Clearly-defined competencies enhance the power of performance management by enabling employees and their supervisors to translate on-the-job performance into specific competency-related behaviours which can be used to describe:

  • What behaviours are required to accomplish the objective
  • What behaviours need to change to achieve success
How do competencies provide leverage in Training?

Competencies play an integral role in all phases of the training and training development process, including:

  • Analysing performance gaps in terms of root causes, some of which may include a lack of specific competencies
  • Designing strategies for individuals to acquire required competencies
  • Providing guidance and support to individuals developing specific competencies
  • Providing job aids and follow-up strategies to assure transfer of learning to actual job situations
  • Assessing the achievement of competencies and their application on the job

All aspects of training should be rooted in the competencies. This allows for the development of an integrated curriculum and coordinated learning strategies so that competencies may be acquired in the most cost-effective manner. It also provides for the development of coordinated and focused strategic plans for the development of personnel.

How do competencies provide leverage in Rewards and Recognition?

Competencies and Rewards

The possession or accrual of competencies should not generally be translated directly into rewards such as salary or bonuses. Salary and bonuses should relate to on-the-job performance and the value of that performance to the corporation.
Salary is also controlled by the price required by the market to obtain people capable of performing at a certain level. This is particularly true of individuals from established professions such as accounting or law. In this sense, it can be said that the corporation links salaries to competencies, but the emphasis should still be on “pay for performance” rather than pay for “credentials”.

While the competencies possessed by an individual partially predict that person’s future performance, it should be recognised that a variety of other factors also influence performance, including personal motivation, a clear vision of the desired result, the required tools, the appropriate business environment, etc.

Competencies and Promotion

Promotion from one level to the next may require the acquisition of a specific competency not required in a current position. In most cases, however, many of the competencies required of one level of an organisation are very similar to those required by the next. In general, difference between levels are not defined primarily by which competencies are required for success, but rather by how they are applied. That is, when higher-level personnel apply the competencies, compared to lower-level personnel, they apply the competencies to problems of:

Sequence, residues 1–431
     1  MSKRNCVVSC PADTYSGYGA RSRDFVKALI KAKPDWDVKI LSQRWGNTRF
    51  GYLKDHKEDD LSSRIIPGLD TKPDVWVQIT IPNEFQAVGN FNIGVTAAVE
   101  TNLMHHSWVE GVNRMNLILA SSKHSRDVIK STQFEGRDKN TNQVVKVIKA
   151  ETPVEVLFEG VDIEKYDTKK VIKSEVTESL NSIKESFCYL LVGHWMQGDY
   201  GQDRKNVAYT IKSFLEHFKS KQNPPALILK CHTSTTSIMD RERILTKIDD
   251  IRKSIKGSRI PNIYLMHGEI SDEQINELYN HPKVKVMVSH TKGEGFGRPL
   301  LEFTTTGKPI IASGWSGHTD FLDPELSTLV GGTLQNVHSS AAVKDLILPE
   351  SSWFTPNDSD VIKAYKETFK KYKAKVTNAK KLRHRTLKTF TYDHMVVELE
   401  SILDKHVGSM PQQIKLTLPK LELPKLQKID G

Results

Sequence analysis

• Broader scope- With a longer time horizon, a wider span of control, affecting a broader segment of the organisation;
  • Greater complexity- Involving more staff and customers, with a greater diversity of concerns, interacting with a larger variety of related problems, requiring more complicated solutions;
  • More uncertainty- Making decisions in a more ambiguous environment, accepting a higher degree of risk, dealing with only partial information;
  • Greater breadth of technical knowledge- Being familiar with a wider variety of technical knowledge required by the various lower level positions.

These difference in how competencies are applied from one level to another can be significant-even though the specific required competencies are often similar. Thus, it is important, whenever possible, to provide opportunities for individuals to test their abilities to apply specific competencies in more demanding situations in anticipation of higher level positions.

Practical guidelines for using competencies

In general, competencies should be used as a benchmark against which on-the-job behaviours can be compared to increase the overall objectivity of discussions about an individual’s strengths and weaknesses. The following general guidelines describe how competencies can be used to improve performance, whether in selection, succession planning, people/career development, performance management, training, or rewards and recognition:

  • Use competency detail (such as a competency “dictionary”) to describe what competencies are of concern and how each competency will be recognised.
  • Focus on the desired behaviours required by competencies, as they are described in the “dictionary”. In order to go beyond general characteristics of excellent performance, think carefully about the specific, observable behaviours that are required by the job.
  • Encourage others to use clear, explicit descriptions of specific behaviours when describing the competencies of an individual.
  • Use as many source of information as you can, including direct observation, results created on the job, and the perception of the individual, in order to understand an individual’s competencies.
  • Insist on fact-based decisions regarding an individual’s competencies. Encourage those making decisions about people to back up their judgments with factual information that reflects the actual behaviours required by the job

Copyright © Steven Lesser, InfoWorks International Pty Limited 2008.